2 🤓 Conflict subcultures emerge in socially disorganised areas where there is a high rate of population turnover and a consequent lack of social cohesion 😉 These prevent the formation of stable adult criminal subcultures Conflict subcultures are characterised by violence, gang warfare, ‘mugging’ and other street crime. Both approved and illegal means of achieving mainstream goals are blocked or limited, and young people express their frustration at this situation through violence or street crime, and at least obtain status through success in subcultural peer-group values. This is a possible explanation for the gang culture which is increasingly appearing in run down areas of the UK, and possibly explains the UK riots of 2011.
Subcultural theory was first developed by sociology scholars at the Chicago School in the 1920s. The Chicago School explored the existence of deviant behaviourr and discussed deviance as a product of social problems within society. The Birmingham School added to subcultural theory, investigating the ways in which individuals joined groups that participated in collective forms of deviance, referred to as subcultures. For contemporary theorists, the concept itself is controversial, and some align with a “post-subculture” perspective suggesting subculture no longer describes the collective activities. Sociologists’ continue to study subcultures in order to uncover why subcultures form, why subculturists choose to engage in deviant group behaviourr, and what subcultural activity can tell us about society as a whole. (modified by Jabar Wooten on July 19, 2020)
Daniele Justice from ojp.gov, explains how the author discusses subcultures in terms of possible differences by social class, geographic region, age, and gender. Elements of a subcultural explanation are considered, so as to attempt to revive interest in and research about subcultures in criminology. Issues discussed are the combination of structure and culture, subcultures and social class, research on the lower class subculture, the revival of class-based subcultures, a regional subculture of violence, adolescent subcultures, and gender and subcultural theory. The chapter does not conclude that subcultural theory fails to explain the association between gender and delinquency. A more detailed analysis of a wider range of factors is still needed. Gender is one of the most persistent correlates of delinquency. The author argues that both structural and cultural factors may cause crime and delinquency. In an examination of punishment, Garland (1990) emphasizes the interrelatedness of culture and structure. He describes penal institutions as cultural artifacts or as embodiments of cultural values, sensibilities, and meaning. Curtis (1975) and Bernard (1990) have suggested that structural and cultural explanations many be combined to account for criminal behaviourr. Structural conditions such as poverty or inequality may generate more occasions upon which an individual must demonstrate his masculinity or bravery. Luckenbill states that subcultures of crime and violence need not be restricted to racial minorities and the lower class. Male and adolescent subcultures with an emphasis on risk-taking and physical ability may foster crime and violence across race and class lines. 1 figure and 1 table (edited by Jason Mitchell from N Djamena, Chad on April 8, 2021)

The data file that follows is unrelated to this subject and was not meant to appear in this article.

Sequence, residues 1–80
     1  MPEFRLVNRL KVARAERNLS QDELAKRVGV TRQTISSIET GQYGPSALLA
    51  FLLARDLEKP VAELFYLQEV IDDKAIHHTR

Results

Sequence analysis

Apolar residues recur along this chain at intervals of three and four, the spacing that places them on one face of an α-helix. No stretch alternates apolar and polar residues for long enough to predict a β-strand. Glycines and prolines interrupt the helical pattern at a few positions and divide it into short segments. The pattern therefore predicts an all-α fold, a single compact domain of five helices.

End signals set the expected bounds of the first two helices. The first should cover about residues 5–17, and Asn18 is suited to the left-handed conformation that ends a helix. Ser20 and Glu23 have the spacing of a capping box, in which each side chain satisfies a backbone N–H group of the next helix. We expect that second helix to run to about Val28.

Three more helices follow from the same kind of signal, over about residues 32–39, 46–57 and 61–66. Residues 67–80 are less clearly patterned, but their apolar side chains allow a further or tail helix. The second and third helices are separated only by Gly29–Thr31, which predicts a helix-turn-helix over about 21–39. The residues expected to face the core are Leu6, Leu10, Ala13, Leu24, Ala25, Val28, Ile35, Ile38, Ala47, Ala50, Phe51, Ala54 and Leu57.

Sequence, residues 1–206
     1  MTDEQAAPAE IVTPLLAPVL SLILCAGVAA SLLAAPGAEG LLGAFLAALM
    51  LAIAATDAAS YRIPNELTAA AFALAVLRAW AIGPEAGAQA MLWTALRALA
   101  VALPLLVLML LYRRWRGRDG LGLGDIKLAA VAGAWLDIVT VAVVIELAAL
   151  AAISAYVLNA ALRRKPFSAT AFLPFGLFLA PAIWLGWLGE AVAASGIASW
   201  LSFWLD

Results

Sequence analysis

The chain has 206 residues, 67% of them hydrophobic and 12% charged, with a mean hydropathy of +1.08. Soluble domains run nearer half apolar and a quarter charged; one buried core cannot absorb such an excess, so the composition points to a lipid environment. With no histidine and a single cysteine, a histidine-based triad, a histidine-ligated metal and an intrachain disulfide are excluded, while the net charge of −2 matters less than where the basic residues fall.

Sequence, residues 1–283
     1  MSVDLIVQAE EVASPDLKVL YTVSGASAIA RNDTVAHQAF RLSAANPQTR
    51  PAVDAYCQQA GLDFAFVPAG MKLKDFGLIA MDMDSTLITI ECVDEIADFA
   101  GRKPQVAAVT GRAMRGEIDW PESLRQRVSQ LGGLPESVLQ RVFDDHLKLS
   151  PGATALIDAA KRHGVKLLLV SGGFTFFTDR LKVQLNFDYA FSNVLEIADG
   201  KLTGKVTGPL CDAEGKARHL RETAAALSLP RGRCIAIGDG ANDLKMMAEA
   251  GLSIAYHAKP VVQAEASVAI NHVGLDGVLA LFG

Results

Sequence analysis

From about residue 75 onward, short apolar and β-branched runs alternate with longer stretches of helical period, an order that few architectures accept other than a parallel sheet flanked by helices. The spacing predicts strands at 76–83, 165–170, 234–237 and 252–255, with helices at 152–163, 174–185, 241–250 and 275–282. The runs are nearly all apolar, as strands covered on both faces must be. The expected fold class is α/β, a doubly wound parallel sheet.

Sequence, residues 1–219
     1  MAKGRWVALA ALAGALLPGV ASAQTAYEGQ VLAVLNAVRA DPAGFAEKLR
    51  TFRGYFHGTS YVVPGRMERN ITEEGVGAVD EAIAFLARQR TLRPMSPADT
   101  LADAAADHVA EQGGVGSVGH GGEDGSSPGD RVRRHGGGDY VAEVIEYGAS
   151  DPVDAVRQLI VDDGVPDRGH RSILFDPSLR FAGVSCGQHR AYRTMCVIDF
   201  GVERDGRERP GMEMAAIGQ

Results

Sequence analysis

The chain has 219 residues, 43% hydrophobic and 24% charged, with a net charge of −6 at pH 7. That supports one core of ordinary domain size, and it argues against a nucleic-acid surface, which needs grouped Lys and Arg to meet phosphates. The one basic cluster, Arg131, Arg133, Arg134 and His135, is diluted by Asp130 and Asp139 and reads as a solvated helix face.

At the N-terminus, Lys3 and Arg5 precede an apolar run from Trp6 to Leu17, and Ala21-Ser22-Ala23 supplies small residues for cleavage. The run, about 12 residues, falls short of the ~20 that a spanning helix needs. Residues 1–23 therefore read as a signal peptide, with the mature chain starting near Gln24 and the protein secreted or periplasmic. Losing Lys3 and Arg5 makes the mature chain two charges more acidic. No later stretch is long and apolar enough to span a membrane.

Several key figures had a hand in studies of gang activity and criminal behaviorin accordance with socio-economic strata. Albert Cohen linked anomie theory with Freud’s idea of reaction formation, proposing the idea that delinquency among youth groups of low income areas and classes is merely a response against the social norms and impositions of the middle class. Cohen advocated for the adoption of social norms specific to economically deprived areas, and that criminal acts result when youths conform to the norms of an area of lower social mobility. Richard Cloward and Lloyd Ohlin, on the other hand, proposed that delinquency in lower class youth could result from differential opportunity, meaning that youths in a critical financial situations or unstable environments might be tempted to turn to criminal activity in order to meet their needs. (last revised 100 days ago by Jonique Vidal from Thoothukkudi, India)
Shareef Read at psychology.wikia.org, describes how in criminology, Subcultural Theory emerged from the work of the Chicago School on gangs and developed through the Symbolic Interactionism School into a set of theories arguing that certain groups or subcultures in society have values and attitudes that are conducive to crime and violence. The primary focus is on juvenile delinquency because theorists believe that if this pattern of offending can be understood and controlled, it will break the transition from teenage offender into habitual criminal. Some of the theories are functionalist assuming that criminal activity is motivated by economic needs, while others posit a social class rationale for deviance. (last emended 100 days ago by Charlena Roberts from Samarinda, Indonesia)